God’s intention in giving His holy Law is not to provide a means to pursue righteousness, but rather to provide a means to expose and condemn unrighteousness, and thus continually to drive the sinner to the holy cross, there to be found righteous by faith in Christ. At the cross you find true righteousness, because there Christ accomplishes the work of providing you with His own righteousness, in exchange for bearing your own unrighteousness. This unrighteousness is not covered by your works in pursuit of righteousness. Rather, your unrighteousness is covered by the blood of Christ, because of which God justifies you [that is, finds you to be righteous] in Christ. The cross, and the entire point of the Gospel, is that you believe what Christ has accomplished for you. Righteousness becomes yours as you believe this great exchange which God has worked between Christ and yourself. The paradox remains intact: The Law describes and commands righteousness, but it does not produce it! Christ produces it, and so Luther rightly calls you tonight not to do much, which produces no righteousness, but to believe much, which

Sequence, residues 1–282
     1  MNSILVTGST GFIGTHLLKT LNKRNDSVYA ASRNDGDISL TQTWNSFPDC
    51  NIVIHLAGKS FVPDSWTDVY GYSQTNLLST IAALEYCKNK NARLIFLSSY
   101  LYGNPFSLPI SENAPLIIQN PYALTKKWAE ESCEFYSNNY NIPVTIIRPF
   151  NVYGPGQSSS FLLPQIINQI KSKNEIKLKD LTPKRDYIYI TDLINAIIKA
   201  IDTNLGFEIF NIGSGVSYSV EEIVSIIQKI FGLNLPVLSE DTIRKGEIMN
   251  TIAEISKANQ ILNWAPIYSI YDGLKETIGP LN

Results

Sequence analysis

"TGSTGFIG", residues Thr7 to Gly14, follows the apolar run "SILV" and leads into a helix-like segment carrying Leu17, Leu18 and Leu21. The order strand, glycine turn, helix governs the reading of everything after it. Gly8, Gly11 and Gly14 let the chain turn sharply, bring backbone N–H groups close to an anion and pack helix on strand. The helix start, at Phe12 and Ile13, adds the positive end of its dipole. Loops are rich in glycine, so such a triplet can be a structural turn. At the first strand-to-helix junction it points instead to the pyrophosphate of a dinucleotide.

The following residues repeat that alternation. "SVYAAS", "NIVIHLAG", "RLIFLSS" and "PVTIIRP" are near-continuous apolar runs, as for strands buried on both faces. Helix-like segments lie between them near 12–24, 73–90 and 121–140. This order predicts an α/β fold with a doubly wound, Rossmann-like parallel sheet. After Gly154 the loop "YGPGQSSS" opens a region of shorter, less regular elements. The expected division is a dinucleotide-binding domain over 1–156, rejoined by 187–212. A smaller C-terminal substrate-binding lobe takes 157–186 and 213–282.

gives it all to you. Amen.

Steven A. Hein is currently Headmaster of Shepherd of the Springs Lutheran High School and the Director of Shepherd of the Springs Christian Institute in Colorado Springs, CO. He was formerly Professor of Theology (24 years) at Concordia University-River Forest, IL.

Bible Reference

Galatians 2: 16
know that a man is not justified by observing the law, but by faith in Jesus Christ. So we, too, have put our faith in Christ Jesus that we may be justified by faith in Christ and not by observing the law, because by observing the law no one will be justified.